The fact that the starting job is up for grabs in the sixth game of the season is a surprise to many who watched Danny O’Brien start the last 15 games. They saw O’Brien help lead Maryland to a 9-4 record last season, win the ACC’s rookie of the year award and steward an offense that ranked 29th nationally in averaging 32 points per game. Maryland’s weekly press notes state that O’Brien emerged as one of the nation’s best first-year quarterbacks.
But O’Brien has not performed as well as he did last season, and he has also not been able to match the success he had in Maryland’s season-opening victory against Miami, when he completed 31 of 44 passes for 348 yards, one touchdown and one interception.
He threw three interceptions in a failed comeback attempt against West Virginia and passed for just 153 yards the next week in Maryland’s all-around disheartening effort against Temple. The return of Ronnie Tyler and Quintin McCree, two of his best wide receivers who served two-game suspensions, did not dramatically help.
The offense looked sluggish against Towson, a Football Championship Subdivision team, in the first half on Oct. 1. And O’Brien was given just six passes — he completed just 1 of 6 for 17 yards — before Edsall benched him after a second-quarter interception last Saturday against Georgia Tech.
For Maryland fans, the question is why. Should the struggles be attributed more to a sophomore slump or growing pains in coordinator Gary Crowton’s spread offense? Neither O’Brien nor Brown was made available to speak to reporters this week, and Edsall does not permit assistants to speak to reporters during the regular season.
When asked specifically whether the struggles are because of a change in systems or O’Brien’s regression, Edsall said: “Again, we just evaluate every position, and the guys that are the best guys are going to play. It is all based on production in terms of how they do. Again, the quarterback position is no different than any other.”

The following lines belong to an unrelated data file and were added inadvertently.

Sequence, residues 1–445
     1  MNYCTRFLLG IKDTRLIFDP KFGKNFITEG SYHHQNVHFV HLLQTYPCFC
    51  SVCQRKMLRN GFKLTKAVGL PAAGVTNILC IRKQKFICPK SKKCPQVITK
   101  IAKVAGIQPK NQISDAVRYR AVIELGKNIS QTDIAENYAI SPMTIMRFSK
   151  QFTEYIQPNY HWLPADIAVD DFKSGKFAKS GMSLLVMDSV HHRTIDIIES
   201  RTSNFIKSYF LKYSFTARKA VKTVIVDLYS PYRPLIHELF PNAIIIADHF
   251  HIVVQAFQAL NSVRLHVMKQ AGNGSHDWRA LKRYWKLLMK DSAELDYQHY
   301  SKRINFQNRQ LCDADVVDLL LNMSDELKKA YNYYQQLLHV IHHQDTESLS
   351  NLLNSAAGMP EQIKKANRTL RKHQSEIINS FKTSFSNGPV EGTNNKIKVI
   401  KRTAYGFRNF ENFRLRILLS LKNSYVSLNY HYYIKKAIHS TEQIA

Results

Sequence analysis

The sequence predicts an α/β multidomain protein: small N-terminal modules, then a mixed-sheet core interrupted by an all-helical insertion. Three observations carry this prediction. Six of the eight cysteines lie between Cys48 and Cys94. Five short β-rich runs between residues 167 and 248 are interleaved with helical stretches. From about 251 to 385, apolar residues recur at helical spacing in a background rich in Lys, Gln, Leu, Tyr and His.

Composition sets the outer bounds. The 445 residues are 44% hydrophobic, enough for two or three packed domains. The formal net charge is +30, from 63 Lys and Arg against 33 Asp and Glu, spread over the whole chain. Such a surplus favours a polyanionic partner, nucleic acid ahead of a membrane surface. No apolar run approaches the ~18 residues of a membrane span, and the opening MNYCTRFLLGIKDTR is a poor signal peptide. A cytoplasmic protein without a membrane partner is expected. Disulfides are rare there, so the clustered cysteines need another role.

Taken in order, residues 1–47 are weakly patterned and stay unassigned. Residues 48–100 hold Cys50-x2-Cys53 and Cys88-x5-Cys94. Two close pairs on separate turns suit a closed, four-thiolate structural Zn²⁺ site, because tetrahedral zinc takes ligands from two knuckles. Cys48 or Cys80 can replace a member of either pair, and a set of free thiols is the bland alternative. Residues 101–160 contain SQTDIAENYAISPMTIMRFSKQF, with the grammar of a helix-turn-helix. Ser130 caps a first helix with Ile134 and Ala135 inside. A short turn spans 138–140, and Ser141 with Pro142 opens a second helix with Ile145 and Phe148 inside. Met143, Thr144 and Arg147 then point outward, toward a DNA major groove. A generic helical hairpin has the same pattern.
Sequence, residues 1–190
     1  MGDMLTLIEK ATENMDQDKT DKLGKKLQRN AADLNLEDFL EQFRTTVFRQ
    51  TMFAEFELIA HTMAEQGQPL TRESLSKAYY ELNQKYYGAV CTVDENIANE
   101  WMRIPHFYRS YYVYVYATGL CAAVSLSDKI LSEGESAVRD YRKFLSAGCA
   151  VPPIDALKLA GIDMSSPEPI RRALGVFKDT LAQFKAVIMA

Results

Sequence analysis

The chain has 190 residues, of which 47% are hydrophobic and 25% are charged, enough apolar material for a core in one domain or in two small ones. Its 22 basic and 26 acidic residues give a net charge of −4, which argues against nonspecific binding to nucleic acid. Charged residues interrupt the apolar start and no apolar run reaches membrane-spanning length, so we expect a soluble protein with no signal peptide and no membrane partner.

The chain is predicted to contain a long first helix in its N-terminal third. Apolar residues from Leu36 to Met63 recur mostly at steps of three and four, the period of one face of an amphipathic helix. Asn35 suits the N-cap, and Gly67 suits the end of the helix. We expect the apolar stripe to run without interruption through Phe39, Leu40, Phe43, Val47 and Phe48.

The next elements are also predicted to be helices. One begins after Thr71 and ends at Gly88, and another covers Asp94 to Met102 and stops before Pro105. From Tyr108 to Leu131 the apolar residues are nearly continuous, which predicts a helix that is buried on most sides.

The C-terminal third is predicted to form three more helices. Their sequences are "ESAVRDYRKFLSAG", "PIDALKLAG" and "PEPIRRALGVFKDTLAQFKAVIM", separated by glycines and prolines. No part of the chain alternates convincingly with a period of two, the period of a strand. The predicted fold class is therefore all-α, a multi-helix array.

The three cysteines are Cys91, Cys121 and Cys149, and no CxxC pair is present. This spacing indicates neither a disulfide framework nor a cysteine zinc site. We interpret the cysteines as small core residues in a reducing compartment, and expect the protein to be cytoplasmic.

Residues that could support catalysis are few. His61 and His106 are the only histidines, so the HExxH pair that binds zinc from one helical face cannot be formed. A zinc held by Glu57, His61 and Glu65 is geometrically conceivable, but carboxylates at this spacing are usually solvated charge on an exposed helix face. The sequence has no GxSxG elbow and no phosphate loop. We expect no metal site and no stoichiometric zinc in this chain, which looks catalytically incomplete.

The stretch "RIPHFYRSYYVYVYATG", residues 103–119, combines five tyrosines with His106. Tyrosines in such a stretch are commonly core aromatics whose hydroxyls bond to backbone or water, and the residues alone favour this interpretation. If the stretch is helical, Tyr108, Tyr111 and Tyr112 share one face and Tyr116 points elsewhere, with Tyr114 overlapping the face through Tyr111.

Receivers have dropped several catchable passes, and Maryland’s offense sometimes looks as if it is still adjusting to the new system.
In recent weeks, Edsall has suggested that O’Brien, because of the immense confidence he has, may have been trying to do too much. Edsall also said that he has talked with O’Brien about simply worrying about executing the plays that the coaches call, and if they fail then the blame falls on coaches.
When pressed this week on what O’Brien is struggling with, Edsall said, “As I have stated before, he has just got to go out and play and relax and just do the things that the play calls for each and every play.”
O’Brien has praised Edsall in the past, calling Edsall a “great leader” who inspires confidence because he remains on message and displays poise during the ups and downs of a game.
O’Brien’s notable commitment to year-round film study and his knowledge of the game has been well chronicled. Before the start of preseason camp, Edsall described O’Brien as “another coach on the field.”
During that preseason news conference, Edsall added that O’Brien “commands the respect of his teammates, which is as important as anything. Those guys look him in the eye and believe in him. Some guys have it and some guys don’t. Danny O’Brien has it.”
Edsall said personnel decisions are “never anything personal” and that he is only “working to get the best guys on the field.” He called O’Brien and Brown two “very good quarterbacks.”
Brown played in only one series last season — four plays against Morgan State — before suffering a fracture in his right shoulder that caused him to miss the final 11 games.
More mobile than O’Brien, Brown rushed for 124 yards against Georgia Tech, including a 77-yard fourth-quarter touchdown run. Despite carrying the ball just 11 times this season, Brown ranks second in team rushing yards with 153.
But he completed just 4 of 17 passes for 36 yards and one interception against Georgia Tech. Brown led Maryland on its only touchdown drive against Temple, but the outcome had already been decided by that point in the fourth quarter.
The uncertainty has forced Clemson (6-0, 3-0 ACC) to prepare for both quarterbacks.
“That’s definitely a challenge for us as far as having to prepare for both styles,” Clemson Coach Dabo Swinney said.
Regardless of who starts Saturday, unless Maryland (2-3, 1-1) upsets the Tigers, questions about the offense’s development in Crowton’s system and Edsall’s handling of the quarterback position are likely to persist.